The lower Reggio Emilia Plain was historically dominated by the Gonzaga dynasty, who left important testimonies of their presence, such as aristocratic residences, fortresses, but also land reclamation works which enabled agriculture and the local economy to flourish.
The route starts in Novellara, the most enduring of the Gonzaga dominions. Piazza Unità d'Italia, bordered by Renaissance porticoes, is the heart of the town’s life: facing the square are the Collegiate Church of Santo Stefano and the magnificent Fortress, Novellara's most important building. It is home to the Gonzaga Museum, consisting of thirteen exhibition rooms - five of which are dedicated to Lelio Orsi (artist at the Gonzaga court for forty years) - and the Jesuits' Apothecary, one of the most important collections of apothecary jars in Europe.
In the attic of the Fortress is the Municipal Vinegar Cellar, where the precious Traditional Balsamic Vinegar of Reggio Emilia is aged, which can be visited on the first Sunday of each month.
Outside the Novellara town centre, on the border between the territories of Reggiolo and Guastalla, lies the area of the so-called ‘Novellara Valleys’, vast areas of ecological rebalancing and protection of biodiversity. The territory is characterized by a sequence of canals, ditches, drains, basins and cultivated fields, ideal for group walks or solo bike rides.
Once in the centre of Reggiolo, you can admire the medieval Fortress, built around the 13th century and reinforced in the 14th century during interventions ordered by Ludovico I Gonzaga. For a gastronomic break, a taste of the pumpkin tortelli (typical speciality of the territory) is a must.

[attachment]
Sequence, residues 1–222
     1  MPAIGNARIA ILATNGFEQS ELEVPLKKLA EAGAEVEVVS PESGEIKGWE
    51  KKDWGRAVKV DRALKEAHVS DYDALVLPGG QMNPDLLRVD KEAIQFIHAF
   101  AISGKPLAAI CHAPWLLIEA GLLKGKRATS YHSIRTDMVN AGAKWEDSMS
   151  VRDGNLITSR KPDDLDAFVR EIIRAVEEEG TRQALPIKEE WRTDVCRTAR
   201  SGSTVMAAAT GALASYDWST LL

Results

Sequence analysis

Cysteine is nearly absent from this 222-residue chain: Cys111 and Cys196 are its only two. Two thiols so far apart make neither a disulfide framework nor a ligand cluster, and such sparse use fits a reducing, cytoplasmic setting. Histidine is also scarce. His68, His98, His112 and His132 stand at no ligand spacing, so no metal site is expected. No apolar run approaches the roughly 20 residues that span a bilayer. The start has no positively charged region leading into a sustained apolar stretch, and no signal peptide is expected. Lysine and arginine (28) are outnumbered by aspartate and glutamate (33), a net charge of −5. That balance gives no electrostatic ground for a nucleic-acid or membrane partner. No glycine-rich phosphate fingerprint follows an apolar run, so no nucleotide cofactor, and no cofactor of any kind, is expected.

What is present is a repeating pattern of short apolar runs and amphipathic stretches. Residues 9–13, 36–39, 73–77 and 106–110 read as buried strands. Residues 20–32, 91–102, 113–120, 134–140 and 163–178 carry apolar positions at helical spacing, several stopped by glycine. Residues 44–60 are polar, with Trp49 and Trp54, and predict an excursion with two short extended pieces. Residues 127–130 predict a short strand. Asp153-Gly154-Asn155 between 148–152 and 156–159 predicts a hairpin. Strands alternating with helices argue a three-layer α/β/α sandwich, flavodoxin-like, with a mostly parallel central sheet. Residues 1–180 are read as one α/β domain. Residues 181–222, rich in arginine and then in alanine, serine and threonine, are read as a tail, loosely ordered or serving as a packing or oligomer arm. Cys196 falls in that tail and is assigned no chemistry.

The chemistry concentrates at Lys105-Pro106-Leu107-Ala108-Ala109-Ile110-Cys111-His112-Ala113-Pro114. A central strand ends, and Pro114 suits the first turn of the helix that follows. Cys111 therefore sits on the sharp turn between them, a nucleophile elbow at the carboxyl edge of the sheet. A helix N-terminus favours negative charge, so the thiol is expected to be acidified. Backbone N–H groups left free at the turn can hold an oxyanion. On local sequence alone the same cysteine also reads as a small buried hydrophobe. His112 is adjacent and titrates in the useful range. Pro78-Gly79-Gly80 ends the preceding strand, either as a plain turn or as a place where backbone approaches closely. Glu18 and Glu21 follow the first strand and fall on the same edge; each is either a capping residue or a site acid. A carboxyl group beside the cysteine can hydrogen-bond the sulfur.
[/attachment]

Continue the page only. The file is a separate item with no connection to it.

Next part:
Under the Gonzaga dynasty, the town of Guastalla reached the height of its splendour: celebrated architects such as Giunti and Volterra were called upon, it hosted artists such as Guercino and Campi and poets such as Tasso and Guarini. Thanks to the care of its dukes, it became one of the most important fortified cities in Northern Italy. The 16th-century urban layout is still widely visible: the ancient Via Gonzaga is a grid-plan layout of streets leading to Piazza Mazzini, the heart of the town, dominated by the beautiful statue of Ferrante Gonzaga by Leone Leoni. Facing the square are the 16th-century Cathedral, with its late 19th-century façade, and the Ducal Palace, the town's most representative building.
From the historical centre of Guastalla, following via Lido Po, it is possible to reach the banks of the ‘Great River’ (Po River), rent a bike and leisurely discover the landscape of the lower Reggio Emilia Plain: Guastalla - Boretto by bike | Lands of the Po River and Gonzaga.